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Birds of New South Wales - #4(b) - Murray River Region (Yarrawonga / Mulwala / Tocumwal) (1 May 2017)

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Birds of New South Wales - #1 - Tweed Coast Region White-bellied Sea-Eagle, Tweed River, Stotts Island, NSW

For many years now, a group of us avid golfers journey from Phillip Island to Mulwala, NSW, for a week’s exercise based at Yarrawonga Mulwala Golf Club Resort.

Like most golf trips, ours is a hectic program with 5 rounds over 6 days; not to mention the accompanying social activities.

Birds of New South Wales - #4(b) - Murray River Region (Yarrawonga / Mulwala / Tocumwal) White-necked Heron, Tocumwal Golf Course, NSW

Of course, I take my camera with me when out and about in readiness for anything which comes into range.

As has been the case for some time, the number of different species of birdlife presenting on this trip was impressive.

Birds of New South Wales - #2 - Urunga / Forster-Tuncurry Australian King-Parrot, Bicentennial Flora Park, Tuncurry, NSW

Whilst actually playing golf at YMGCR I saw – Blue-faced Honeyeater, Noisy Miner, Australian Magpie (race: tibicen), Magpie-lark, Red Wattlebird, Eastern / Crimson (Yellow) Rosella, Apostlebird, Sulphur-crested Cockatoo, Little Corella, Whistling Kite, Nankeen Kestrel, Australasian Grebe, Welcome Swallow, Pied Currawong, Black Swan, Little Black / Little Pied Cormorant, Crested Pigeon, Spotted Turtle-Dove, Buff-rumped Thornbill, Australian White / Straw-necked Ibis, Laughing Kookaburra, Australian Raven, Superb Fairy-wren, Eurasian Coot, Little / Noisy Friarbird, Australian Wood Duck, Pacific Black Duck, Galah and Willie Wagtail.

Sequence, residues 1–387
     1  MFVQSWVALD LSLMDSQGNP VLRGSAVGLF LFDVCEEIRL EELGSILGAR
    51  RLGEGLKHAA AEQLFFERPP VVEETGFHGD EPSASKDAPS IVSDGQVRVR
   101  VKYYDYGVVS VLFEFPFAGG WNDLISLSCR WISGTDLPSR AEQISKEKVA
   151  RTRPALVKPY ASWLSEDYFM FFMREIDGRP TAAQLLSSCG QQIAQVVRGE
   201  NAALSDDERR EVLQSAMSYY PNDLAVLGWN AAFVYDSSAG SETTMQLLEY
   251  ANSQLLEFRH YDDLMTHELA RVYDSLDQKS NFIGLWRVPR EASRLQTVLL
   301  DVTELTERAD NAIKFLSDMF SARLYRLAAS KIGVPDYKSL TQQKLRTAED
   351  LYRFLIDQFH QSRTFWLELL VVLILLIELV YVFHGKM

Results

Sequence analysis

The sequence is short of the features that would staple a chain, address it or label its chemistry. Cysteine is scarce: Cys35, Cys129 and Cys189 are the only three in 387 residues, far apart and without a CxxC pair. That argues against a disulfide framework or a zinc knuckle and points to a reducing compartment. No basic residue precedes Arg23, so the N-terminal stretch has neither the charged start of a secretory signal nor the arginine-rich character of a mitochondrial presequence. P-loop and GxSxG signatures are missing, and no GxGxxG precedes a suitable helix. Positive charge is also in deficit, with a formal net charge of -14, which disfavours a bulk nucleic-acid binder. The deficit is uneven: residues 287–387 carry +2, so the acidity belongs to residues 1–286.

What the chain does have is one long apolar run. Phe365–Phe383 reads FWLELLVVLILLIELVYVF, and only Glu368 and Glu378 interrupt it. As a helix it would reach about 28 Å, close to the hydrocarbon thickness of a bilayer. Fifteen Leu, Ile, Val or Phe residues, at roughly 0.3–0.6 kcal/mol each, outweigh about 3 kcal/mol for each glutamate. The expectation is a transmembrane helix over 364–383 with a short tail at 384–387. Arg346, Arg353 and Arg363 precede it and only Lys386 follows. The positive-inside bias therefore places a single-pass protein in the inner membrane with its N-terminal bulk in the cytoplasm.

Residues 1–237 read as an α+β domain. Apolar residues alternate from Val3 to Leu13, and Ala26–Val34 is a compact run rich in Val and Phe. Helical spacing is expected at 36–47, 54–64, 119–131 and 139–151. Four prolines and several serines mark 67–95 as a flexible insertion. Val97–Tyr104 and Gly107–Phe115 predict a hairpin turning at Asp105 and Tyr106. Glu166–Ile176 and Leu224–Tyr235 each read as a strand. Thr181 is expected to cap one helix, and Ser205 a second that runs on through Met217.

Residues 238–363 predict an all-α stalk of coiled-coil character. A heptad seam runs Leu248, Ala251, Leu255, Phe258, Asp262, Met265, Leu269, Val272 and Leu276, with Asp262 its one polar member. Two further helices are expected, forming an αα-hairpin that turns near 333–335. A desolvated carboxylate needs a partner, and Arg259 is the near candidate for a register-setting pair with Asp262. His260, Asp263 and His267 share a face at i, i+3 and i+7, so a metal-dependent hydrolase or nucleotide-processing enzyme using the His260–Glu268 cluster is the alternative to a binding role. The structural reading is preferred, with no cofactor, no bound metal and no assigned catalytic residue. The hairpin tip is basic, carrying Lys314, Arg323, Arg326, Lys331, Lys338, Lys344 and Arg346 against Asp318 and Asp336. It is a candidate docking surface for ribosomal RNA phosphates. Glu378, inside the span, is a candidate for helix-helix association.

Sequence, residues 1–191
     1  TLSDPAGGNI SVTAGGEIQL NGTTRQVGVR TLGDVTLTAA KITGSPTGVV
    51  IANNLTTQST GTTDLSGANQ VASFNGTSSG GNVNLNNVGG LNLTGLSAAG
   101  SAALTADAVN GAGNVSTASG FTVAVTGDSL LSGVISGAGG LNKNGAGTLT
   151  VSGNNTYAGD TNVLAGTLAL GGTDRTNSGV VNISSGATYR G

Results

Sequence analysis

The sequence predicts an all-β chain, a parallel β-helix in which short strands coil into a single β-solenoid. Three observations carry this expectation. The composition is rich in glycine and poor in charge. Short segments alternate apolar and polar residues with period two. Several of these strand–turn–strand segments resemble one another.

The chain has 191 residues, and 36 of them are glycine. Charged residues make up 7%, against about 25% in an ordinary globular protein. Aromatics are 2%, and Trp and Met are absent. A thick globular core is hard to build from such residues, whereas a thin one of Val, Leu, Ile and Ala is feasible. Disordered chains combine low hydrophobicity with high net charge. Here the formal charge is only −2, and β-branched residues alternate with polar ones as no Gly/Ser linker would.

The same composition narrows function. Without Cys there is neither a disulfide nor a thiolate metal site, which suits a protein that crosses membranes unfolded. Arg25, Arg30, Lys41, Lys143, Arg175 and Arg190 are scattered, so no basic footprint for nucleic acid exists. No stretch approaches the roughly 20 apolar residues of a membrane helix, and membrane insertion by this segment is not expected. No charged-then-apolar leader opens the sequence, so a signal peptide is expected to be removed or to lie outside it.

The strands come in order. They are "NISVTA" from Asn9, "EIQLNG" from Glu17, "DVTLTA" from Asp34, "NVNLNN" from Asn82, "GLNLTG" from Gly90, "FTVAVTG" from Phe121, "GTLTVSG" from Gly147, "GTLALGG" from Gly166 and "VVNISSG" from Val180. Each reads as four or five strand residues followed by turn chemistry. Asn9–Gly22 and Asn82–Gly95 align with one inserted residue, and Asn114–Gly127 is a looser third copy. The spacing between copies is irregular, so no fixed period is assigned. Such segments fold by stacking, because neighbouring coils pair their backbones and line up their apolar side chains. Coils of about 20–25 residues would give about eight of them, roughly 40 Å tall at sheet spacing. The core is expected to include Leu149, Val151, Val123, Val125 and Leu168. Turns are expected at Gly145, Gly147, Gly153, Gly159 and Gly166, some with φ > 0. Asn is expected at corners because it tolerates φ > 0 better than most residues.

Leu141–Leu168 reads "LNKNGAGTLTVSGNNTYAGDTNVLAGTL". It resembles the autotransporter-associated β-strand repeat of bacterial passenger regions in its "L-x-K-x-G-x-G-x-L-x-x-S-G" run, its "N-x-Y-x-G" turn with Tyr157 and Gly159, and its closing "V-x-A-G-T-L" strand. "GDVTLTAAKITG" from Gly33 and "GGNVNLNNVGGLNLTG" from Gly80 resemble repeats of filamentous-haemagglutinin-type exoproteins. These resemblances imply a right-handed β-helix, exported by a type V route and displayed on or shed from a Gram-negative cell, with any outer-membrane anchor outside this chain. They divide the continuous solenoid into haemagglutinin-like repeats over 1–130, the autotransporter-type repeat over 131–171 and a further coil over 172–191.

Birds of New South Wales - #1 - Tweed Coast Region Little Black Cormorant, Brunswick Heads, NSW

There are huge populations of Sulphur-crested Cockatoo and Little Corella roosting overnight in the forest beyond the southern boundary of YMGCR and elsewhere along the Murray River.

Birds of New South Wales - #2 - Urunga / Forster-Tuncurry Eastern Yellow Robin, Bicentennial Flora Park, Tuncurry, NSW

These populations comprise many hundreds of each species that noisily come and go each day to and from their local feeding grounds. I have never seen greater numbers of these birds anywhere else in Australia. No doubt they present quite a control challenge to crop farmers in the region.

Outside of golf, I regularly head off into the bush in search of as much birdlife as possible.

Birds of New South Wales - #4(b) - Murray River Region (Yarrawonga / Mulwala / Tocumwal) Little Pied Cormorant, Tocumwal Golf Course, NSW

My first field outing this trip was along the road from Mulwala to Corowa. Unfortunately, there was precious little on offer save for three Whistling Kites working the boundaries of a farming property that was in the final stages of being burned off post harvest.

Birds of New South Wales - #3 - North Haven Region Red-capped Plover, Cathey Creek Lagoon, North Haven Region, NSW